Could I work in an IT class where the lecturer had identified some lads who need support? Well, I had nothing else on the timetable that morning, so in I went.
Fifteen young boys might not sound like a big group, but imagine a football team plus the subs' bench packed into a small classroom with 15 computers.
The lecturer is explaining the finer points of computer systems but the students are only on a computer course in order to become Masters of the Universe.
They are supposedly learning about binary code and the lecturer has allowed them to switch on the computers in order to access the calculators. One lad is gazing at the on-screen calculator, the other 14 are zapping through level 20 of game of the day. The lecturer is at the board, demonstrating how to convert binary numbers. A rhythmic, tinny rattle accompanies his voice from around the room: students are allowed to listen to music while they work, providing they use personal headphones and do not disturb others.
So that leaves just one student capable of completing the worksheet that the lecturer now hands out. But the others are resourceful. Some copy the only lad who knows what to do. Another discovers that there is a chart accompanying exercise three, from which he can crib all the necessary information to complete exercise one in minutes. The others follow and soon everyone is back to obliterating the cosmos at level 20.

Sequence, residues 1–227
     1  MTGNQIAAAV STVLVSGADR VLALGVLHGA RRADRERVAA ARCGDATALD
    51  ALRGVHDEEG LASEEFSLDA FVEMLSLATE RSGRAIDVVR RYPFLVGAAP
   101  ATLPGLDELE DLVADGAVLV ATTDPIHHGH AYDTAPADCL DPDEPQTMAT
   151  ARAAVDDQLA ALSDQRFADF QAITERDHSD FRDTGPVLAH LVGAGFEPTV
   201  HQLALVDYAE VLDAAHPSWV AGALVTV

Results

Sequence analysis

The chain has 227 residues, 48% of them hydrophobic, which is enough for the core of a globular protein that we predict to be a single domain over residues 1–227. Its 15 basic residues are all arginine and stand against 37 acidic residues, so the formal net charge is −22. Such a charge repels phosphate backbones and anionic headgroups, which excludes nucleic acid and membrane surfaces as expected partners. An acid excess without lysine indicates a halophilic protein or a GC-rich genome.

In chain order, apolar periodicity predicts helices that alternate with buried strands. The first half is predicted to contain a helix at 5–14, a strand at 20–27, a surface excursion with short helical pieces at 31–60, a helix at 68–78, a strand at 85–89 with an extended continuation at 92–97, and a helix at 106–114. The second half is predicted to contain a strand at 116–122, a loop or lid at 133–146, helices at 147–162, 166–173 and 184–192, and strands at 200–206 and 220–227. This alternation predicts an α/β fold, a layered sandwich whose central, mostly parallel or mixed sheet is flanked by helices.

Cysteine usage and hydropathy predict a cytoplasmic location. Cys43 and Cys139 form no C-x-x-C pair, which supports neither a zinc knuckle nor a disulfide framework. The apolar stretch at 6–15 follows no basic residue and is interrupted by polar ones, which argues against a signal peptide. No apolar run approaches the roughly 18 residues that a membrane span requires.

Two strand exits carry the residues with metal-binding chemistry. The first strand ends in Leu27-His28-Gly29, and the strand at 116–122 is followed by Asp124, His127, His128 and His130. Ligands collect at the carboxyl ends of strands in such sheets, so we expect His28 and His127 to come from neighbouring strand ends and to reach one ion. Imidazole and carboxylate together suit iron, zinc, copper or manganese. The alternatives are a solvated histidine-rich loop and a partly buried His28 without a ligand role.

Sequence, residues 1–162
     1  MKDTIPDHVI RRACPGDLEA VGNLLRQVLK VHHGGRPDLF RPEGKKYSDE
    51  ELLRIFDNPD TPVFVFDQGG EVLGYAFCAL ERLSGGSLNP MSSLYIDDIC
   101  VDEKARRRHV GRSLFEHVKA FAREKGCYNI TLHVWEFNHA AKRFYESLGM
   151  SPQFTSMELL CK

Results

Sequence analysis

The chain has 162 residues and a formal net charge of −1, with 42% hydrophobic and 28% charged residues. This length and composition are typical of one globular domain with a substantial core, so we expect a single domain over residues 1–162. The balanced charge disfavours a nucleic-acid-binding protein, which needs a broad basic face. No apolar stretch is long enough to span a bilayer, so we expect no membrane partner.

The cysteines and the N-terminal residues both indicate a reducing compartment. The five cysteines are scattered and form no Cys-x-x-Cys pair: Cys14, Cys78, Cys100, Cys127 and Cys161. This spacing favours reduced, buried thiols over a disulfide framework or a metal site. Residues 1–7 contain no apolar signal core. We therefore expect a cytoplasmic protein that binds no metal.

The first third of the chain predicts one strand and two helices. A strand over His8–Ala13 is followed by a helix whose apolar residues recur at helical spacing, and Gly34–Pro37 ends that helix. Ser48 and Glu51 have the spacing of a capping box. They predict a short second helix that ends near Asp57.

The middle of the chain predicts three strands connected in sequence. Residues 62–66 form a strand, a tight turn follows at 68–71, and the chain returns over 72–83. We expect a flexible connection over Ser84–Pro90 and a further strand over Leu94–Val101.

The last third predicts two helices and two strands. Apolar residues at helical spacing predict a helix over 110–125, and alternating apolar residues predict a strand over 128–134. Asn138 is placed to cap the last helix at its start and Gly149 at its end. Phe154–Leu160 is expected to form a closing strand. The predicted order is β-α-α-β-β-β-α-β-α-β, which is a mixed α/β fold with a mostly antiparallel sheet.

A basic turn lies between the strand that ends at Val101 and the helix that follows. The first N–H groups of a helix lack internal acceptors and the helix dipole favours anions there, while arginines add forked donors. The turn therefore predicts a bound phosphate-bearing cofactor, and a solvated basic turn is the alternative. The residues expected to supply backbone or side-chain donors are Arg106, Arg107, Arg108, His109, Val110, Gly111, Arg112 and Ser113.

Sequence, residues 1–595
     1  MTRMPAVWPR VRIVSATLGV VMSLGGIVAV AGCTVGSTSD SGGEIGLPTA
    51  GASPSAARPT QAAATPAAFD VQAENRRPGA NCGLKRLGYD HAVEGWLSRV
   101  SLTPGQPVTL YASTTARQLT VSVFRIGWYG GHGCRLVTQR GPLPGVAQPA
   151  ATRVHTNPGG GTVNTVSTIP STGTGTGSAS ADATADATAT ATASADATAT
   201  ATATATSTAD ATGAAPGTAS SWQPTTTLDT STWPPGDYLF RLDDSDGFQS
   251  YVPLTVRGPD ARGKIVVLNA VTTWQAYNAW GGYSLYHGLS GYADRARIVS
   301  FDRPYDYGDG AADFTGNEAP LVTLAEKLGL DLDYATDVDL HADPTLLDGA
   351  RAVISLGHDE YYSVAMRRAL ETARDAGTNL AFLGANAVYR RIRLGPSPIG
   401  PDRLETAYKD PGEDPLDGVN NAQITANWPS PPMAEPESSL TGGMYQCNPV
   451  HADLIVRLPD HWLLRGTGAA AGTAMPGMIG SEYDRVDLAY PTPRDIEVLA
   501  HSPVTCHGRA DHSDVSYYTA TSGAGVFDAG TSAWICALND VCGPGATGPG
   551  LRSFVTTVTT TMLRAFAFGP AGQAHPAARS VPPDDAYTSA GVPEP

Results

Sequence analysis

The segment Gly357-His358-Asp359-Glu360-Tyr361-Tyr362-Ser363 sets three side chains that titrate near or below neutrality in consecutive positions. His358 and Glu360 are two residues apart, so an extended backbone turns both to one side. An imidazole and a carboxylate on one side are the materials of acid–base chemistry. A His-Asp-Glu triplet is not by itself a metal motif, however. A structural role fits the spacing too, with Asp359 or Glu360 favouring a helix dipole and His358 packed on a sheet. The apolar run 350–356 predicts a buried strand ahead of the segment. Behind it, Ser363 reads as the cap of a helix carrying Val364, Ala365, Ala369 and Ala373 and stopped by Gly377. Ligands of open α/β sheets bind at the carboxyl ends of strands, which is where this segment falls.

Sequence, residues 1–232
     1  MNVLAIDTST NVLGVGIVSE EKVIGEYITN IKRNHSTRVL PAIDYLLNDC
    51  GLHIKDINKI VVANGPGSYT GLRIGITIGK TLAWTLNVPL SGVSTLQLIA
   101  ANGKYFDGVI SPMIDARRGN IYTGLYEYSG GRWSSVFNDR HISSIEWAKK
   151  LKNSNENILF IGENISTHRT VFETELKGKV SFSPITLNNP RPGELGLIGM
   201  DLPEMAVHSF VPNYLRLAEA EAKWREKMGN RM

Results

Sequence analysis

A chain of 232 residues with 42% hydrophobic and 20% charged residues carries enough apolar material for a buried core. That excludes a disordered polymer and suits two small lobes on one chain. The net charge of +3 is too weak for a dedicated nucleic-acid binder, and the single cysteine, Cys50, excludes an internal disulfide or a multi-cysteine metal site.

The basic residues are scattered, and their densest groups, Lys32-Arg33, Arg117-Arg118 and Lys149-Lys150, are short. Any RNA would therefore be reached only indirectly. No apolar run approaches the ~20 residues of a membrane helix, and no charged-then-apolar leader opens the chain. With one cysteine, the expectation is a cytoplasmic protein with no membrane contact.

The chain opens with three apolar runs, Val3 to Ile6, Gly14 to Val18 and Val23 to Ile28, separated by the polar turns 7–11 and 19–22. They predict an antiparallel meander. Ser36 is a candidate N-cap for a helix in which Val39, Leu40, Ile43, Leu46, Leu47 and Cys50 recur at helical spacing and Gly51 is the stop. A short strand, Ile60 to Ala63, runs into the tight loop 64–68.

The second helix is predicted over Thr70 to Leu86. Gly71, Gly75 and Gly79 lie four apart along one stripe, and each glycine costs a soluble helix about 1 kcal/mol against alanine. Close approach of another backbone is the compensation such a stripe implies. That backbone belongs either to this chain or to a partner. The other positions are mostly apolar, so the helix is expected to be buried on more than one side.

At the end of the lesson, I have to record how much progress the students have made in their chosen subject. I note that most of them have now managed to reach level 22.
Meanwhile, the lecturer collects the worksheets - and is delighted that his explanation has gone so well. I make my way into the crowded corridor, where the hairdressers are arriving for their next session. They are very easy to spot - not because they are more glamorous, but because they are pushing wheeled suitcases.
Carrier bags of plastic hair- curlers dangle from the handles, and I wonder why their cases are so full that they can't put the curlers inside? I fantasise about unzipping the cases and seeing grisly permed heads rolling out, on which they have been practising their dark arts. I have obviously spent too long in the IT class.
There's time to grab a quick lunch in the cafe and I am tempted by the menu's promise of hot rolls. It's a mistake: the disgusting taste of the filling stays with me for the whole day.
But things brighten up when a boisterous young student from the day centre arrives and chooses to sit at my table. I ask him what he's done this morning.
"We've been into town - and, well, here I am!" he declares.
Did he enjoy himself? "It was fantastic - and here I am!"
Did he spend all his money? "Yeah, we managed it - and, well, here I am!"
I thank him for his company and excuse myself as I have to go to a staff meeting. Two hours later as it grinds to a halt, I wonder what on earth I've got myself into. But then I wanted to be a basic skills tutor. And, well, here I am!
Gwen Kelly is an adult literacy support teacher